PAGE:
If I put my query into a variable and pipe the variable to get-member I have a TypeName: System.String. ToDateTime is a method that is available.

September 5, 2013 at 9:38 am

If the end points are v2 you can still use the CIM cmdlets but you have to create a DCOM based CIMsession to the endpoint

if you are staying with wmi cmdlets looks like your code will be something like

(gwmi namespacegoeshere -ComputerName ‘test’).endtime | foreach { [System.Management.ManagementDateTimeConverter]::ToDateTime($_) }

depends what else your class is returning as to whether you need to do anything else

September 5, 2013 at 9:40 am

Ah. Custom class. You didn't mention that, and it's important. The ConvertToDateTime method is dynamically added by PowerShell, but it wouldn't know to do that to your custom class. So, yeah, in that case the class method would be the next choice. You *technically* ought not put custom classes into root/CIMV2 – the design intent is to create your own namespace. That's a nit, though.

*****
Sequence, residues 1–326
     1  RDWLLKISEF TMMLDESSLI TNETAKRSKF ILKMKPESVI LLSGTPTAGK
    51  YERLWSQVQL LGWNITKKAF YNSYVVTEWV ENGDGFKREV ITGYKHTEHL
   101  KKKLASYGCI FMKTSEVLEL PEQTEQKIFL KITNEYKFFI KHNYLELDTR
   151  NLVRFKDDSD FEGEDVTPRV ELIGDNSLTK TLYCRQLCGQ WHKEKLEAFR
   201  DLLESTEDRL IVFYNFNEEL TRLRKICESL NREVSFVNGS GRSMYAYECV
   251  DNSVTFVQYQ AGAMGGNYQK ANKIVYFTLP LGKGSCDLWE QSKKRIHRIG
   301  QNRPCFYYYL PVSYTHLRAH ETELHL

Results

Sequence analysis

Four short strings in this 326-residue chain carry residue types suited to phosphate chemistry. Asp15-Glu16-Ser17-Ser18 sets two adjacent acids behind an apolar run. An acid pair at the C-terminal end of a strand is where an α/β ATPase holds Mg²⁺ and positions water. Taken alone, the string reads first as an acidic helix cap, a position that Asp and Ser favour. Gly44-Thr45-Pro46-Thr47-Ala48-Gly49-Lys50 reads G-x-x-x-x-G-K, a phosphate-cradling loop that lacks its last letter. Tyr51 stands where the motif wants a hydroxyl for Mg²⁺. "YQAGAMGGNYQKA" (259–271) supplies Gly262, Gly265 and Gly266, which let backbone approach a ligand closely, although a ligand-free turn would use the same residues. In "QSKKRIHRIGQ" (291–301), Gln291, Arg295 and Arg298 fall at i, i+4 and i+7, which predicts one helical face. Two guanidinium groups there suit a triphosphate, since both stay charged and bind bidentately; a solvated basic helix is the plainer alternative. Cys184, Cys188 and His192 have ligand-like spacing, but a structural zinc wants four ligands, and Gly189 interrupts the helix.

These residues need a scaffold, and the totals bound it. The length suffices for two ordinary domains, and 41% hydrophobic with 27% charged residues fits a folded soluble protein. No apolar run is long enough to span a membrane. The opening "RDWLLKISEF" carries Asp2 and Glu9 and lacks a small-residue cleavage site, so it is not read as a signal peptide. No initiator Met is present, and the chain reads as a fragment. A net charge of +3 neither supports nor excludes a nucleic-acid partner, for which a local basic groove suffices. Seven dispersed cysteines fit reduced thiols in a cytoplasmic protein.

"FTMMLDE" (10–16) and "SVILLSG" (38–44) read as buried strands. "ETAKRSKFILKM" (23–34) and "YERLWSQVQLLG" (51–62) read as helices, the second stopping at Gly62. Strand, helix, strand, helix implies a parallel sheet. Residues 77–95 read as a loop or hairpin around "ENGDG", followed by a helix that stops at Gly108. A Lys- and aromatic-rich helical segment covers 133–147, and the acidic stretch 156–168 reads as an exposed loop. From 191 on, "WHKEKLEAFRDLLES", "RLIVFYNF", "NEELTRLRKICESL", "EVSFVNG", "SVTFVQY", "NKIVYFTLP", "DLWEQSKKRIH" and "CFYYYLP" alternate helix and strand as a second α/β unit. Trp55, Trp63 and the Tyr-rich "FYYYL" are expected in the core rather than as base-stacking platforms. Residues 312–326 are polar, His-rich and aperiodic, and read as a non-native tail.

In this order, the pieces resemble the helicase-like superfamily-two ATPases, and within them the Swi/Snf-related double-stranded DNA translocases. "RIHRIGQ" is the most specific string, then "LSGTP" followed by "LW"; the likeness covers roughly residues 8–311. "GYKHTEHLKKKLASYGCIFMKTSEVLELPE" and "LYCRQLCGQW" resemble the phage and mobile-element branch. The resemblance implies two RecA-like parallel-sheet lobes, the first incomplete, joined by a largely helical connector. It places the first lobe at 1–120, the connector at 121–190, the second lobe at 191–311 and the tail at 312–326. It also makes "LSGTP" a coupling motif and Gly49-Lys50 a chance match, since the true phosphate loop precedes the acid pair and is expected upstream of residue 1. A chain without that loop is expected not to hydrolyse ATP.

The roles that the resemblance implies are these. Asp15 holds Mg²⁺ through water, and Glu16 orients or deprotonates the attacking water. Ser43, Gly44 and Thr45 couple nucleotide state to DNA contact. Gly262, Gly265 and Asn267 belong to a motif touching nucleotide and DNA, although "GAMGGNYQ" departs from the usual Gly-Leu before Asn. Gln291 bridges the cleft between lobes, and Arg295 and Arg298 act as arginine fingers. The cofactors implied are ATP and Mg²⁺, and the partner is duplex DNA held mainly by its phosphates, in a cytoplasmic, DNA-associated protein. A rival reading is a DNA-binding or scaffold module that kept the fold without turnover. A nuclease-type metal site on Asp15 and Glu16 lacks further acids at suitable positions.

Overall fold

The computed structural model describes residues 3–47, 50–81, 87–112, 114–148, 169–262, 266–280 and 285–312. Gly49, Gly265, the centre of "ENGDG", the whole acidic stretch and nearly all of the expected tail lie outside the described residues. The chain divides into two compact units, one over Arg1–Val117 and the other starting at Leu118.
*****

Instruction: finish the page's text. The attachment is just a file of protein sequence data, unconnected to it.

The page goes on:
You *can* use the CIM commands against the WMI service directly. You have to create a CIMSession using DCOM as the protocol, and then target the CIM commands at that session. I don't know if it'll do any better of a job in terms of date/time that way, though.

Interestingly, you could still use ConvertToDateTime, I bet. Say $x has your custom class in it, with $x.endtime being your date/time property.

$os = Get-WmiObject Win32_OperatingSystem
foreach ($x in $collection) {
$os.ConvertToDateTime($x.endtime)
}

Might well work. ConvertToDateTime is added to all the inbuilt WMI classes. It's just a shortcut to the .NET method you're already using, though – it isn't special.

September 5, 2013 at 9:51 am

[quote=9944]If the end points are v2 you can still use the CIM cmdlets but you have to create a DCOM based CIMsession to the endpoint
if you are staying with wmi cmdlets looks like your code will be something like
(gwmi namespacegoeshere -ComputerName ‘test’).endtime | foreach { [System.Management.ManagementDateTimeConverter]::ToDateTime($_) }
depends what else your class is returning as to whether you need to do anything else
[/quote]

This worked perfectly. I was doing exactly that but I was using $_.endtime. I see you used just $_ and it worked like a champ. Thank you.